If there is going to be an 8th Wonder of the World, the temples of Abu Simbel should be it. There are several must see historical sites in Egypt and Abu Simbel ranks high up in the list. Let me share with you my experience in this spectacular Lomo location.
The historical site of Abu Simbel refers to two temples carved out of the mountain: The Great Temple of Ramses II and The Temple of Hathor and Nefertari. The temples were commissioned by Pharaoh Ramses II in the 13th century BC. For thousands of years, the temples were forgotten and buried in sand until 1813 when Swiss explorer Jean-Louis Burckhardt stumbled upon them.
Abu Simbel is located at southern Egypt about 250km outside Aswan. The temples were relocated in the 1960s under threat of flooding from the River Nile due to the construction of the Aswan High Dam. During the relocation, the temples were cut into blocks, moved up the mountain and were reassembled. Looking at the huge statues, one can imagine the gigantic engineering effort involved.
The day trip to Abu Simbel started at 3am. Still half awake, every guest was given a breakfast pack and herded to the waiting coach. From the hotel, the driver drove to another meet up location for the minibuses and coaches. We were told that for the safety of tourists, all journeys to Abu Simbel must be accompanied by armed convoys. After a quick breakfast in the coach, I slept through the 3-hr journey waking up once to watch the sun rise in the desert. A faster way to reach Abu Simbel is by flight but be prepared to book the tickets early.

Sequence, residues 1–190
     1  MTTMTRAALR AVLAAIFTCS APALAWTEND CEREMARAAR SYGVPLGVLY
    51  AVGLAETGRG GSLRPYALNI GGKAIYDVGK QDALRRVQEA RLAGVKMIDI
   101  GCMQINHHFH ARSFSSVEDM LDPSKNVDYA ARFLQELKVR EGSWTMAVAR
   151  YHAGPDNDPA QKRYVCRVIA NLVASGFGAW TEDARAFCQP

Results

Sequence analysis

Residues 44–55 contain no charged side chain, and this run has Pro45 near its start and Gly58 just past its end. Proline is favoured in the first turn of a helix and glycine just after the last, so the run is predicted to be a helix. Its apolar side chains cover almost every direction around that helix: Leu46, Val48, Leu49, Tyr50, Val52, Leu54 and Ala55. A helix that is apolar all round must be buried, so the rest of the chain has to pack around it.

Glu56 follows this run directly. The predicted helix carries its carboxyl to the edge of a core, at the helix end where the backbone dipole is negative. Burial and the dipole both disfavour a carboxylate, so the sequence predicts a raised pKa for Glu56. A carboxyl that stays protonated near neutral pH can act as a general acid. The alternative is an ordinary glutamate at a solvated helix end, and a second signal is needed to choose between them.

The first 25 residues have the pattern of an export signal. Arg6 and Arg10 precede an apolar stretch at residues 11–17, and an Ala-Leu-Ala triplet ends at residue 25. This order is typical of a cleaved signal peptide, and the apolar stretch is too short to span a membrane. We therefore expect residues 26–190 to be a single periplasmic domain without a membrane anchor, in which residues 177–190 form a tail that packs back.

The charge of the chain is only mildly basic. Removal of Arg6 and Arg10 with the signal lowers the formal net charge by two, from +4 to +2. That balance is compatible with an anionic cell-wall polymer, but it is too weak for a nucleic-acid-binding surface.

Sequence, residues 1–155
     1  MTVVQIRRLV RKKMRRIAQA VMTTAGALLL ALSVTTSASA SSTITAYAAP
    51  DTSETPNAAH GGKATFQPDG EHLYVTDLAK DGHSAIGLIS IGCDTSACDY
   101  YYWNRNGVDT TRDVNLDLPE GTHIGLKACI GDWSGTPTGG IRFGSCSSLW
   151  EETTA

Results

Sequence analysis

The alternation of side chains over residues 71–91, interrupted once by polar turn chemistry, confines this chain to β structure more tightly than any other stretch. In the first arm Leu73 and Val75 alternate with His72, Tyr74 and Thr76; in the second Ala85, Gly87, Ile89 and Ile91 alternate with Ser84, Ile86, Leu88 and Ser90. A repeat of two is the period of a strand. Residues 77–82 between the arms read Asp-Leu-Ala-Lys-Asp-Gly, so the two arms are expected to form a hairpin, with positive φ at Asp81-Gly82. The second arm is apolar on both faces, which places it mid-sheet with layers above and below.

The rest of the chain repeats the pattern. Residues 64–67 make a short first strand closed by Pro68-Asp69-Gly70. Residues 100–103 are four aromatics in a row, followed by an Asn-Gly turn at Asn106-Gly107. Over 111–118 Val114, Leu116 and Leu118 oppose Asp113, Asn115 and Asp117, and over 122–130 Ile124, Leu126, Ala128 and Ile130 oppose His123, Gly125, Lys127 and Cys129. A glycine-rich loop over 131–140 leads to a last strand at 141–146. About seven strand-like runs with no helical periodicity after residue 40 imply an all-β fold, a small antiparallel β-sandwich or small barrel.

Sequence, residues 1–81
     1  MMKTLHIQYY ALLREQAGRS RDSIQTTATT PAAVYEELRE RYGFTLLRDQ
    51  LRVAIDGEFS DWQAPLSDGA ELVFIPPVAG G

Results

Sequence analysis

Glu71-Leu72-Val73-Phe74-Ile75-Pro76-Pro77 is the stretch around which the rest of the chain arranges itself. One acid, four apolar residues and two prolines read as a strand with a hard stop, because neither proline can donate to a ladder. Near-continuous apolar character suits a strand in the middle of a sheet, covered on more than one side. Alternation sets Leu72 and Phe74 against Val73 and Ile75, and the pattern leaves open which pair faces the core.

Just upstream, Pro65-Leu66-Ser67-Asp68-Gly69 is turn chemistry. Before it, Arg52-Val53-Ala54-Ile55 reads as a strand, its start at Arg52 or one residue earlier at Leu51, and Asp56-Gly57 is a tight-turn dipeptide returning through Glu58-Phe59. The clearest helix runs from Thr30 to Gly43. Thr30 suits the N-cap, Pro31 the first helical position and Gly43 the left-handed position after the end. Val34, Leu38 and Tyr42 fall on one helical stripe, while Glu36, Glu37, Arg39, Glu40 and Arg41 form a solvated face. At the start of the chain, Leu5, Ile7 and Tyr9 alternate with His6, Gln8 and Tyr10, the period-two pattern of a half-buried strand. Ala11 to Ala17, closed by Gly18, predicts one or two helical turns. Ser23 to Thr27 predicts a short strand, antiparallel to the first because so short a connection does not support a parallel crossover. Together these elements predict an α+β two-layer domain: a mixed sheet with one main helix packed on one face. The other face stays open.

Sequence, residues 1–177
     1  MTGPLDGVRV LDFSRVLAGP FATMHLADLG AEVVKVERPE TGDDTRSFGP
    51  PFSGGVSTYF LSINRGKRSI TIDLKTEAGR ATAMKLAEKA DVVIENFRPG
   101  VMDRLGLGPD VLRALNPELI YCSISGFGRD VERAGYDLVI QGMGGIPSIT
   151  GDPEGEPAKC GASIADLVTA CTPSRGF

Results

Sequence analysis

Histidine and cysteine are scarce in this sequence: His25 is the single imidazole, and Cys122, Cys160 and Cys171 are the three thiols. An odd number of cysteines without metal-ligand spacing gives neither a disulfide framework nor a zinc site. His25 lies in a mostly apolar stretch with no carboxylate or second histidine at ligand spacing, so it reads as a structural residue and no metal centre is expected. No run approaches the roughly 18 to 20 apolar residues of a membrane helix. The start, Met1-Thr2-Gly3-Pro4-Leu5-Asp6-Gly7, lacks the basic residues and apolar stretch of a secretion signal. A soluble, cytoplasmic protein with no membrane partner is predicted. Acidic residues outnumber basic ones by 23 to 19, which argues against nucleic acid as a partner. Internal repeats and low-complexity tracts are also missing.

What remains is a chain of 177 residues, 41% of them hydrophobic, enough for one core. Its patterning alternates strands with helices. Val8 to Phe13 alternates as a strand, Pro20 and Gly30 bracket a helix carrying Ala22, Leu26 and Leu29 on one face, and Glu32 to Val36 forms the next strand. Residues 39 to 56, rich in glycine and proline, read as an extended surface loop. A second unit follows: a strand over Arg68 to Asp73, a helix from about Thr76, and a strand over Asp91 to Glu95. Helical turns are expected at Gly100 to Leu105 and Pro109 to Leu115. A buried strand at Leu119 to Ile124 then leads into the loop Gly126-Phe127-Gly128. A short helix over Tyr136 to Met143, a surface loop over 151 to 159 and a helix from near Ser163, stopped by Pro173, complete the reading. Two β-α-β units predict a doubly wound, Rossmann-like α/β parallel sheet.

Before visiting Abu Simbel, I read reviews and seen images of the temples on the Internet. However nothing beats being there yourself. The statues are visible from afar and admiring the temples up close is just amazing. To think that these temples were carved out of the mountains thousands of years ago gives a very surreal feeling. The Great Temple with four seated colossal statues of Ramses II is simply magnificent.
The Temple dedicated to the Goddess Hathor and Queen Nefertari is smaller but just as impressive.
To protect the monuments and artifacts in the temple, photography is not allowed inside the temple. This is probably a good move as thousands of tourists visit the temples daily and given the limited space inside, photography would probably cause major obstruction.
For those interested to know how the name Abu Simbel came about, it’s actually named after a young local boy who helped Burckhardt find the temples : )